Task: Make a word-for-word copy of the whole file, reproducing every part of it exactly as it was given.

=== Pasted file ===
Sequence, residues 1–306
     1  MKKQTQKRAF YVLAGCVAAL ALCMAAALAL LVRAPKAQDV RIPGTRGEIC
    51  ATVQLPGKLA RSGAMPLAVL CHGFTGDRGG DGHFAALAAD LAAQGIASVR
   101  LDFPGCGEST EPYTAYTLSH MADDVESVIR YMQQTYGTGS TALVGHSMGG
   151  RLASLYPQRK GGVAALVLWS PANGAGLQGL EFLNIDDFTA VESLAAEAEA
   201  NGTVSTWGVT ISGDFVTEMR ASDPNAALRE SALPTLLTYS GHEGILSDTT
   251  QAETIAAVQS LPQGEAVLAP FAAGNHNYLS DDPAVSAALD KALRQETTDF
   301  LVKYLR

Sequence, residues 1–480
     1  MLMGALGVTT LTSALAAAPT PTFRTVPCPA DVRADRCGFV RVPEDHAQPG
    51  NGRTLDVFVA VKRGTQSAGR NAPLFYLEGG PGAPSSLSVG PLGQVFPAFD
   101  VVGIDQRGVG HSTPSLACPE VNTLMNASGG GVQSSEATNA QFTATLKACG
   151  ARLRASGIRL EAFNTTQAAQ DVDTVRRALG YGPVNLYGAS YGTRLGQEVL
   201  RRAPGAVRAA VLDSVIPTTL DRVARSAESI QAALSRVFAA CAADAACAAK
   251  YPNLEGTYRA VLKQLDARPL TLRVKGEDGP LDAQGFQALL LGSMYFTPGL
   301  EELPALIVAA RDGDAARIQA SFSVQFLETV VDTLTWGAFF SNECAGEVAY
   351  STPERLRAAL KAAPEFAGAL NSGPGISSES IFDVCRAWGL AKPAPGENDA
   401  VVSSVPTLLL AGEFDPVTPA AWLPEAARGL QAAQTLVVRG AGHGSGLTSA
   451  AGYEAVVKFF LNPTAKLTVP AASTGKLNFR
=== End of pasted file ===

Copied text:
Sequence, residues 1–306
     1  MKKQTQKRAF YVLAGCVAAL ALCMAAALAL LVRAPKAQDV RIPGTRGEIC
    51  ATVQLPGKLA RSGAMPLAVL CHGFTGDRGG DGHFAALAAD LAAQGIASVR
   101  LDFPGCGEST EPYTAYTLSH MADDVESVIR YMQQTYGTGS TALVGHSMGG
   151  RLASLYPQRK GGVAALVLWS PANGAGLQGL EFLNIDDFTA VESLAAEAEA
   201  NGTVSTWGVT ISGDFVTEMR ASDPNAALRE SALPTLLTYS GHEGILSDTT
   251  QAETIAAVQS LPQGEAVLAP FAAGNHNYLS DDPAVSAALD KALRQETTDF
   301  LVKYLR

Sequence, residues 1–480
     1  MLMGALGVTT LTSALAAAPT PTFRTVPCPA DVRADRCGFV RVPEDHAQPG
    51  NGRTLDVFVA VKRGTQSAGR NAPLFYLEGG PGAPSSLSVG PLGQVFPAFD
   101  VVGIDQRGVG HSTPSLACPE VNTLMNASGG GVQSSEATNA QFTATLKACG
   151  ARLRASGIRL EAFNTTQAAQ DVDTVRRALG YGPVNLYGAS YGTRLGQEVL
   201  RRAPGAVRAA VLDSVIPTTL DRVARSAESI QAALSRVFAA CAADAACAAK
   251  YPNLEGTYRA VLKQLDARPL TLRVKGEDGP LDAQGFQALL LGSMYFTPGL
   301  EELPALIVAA RDGDAARIQA SFSVQFLETV VDTLTWGAFF SNECAGEVAY
   351  STPERLRAAL KAAPEFAGAL NSGPGISSES IFDVCRAWGL AKPAPGENDA
   401  VVSSVPTLLL AGEFDPVTPA AWLPEAARGL QAAQTLVVRG AGHGSGLTSA
   451  AGYEAVVKFF LNPTAKLTVP AASTGKLNFR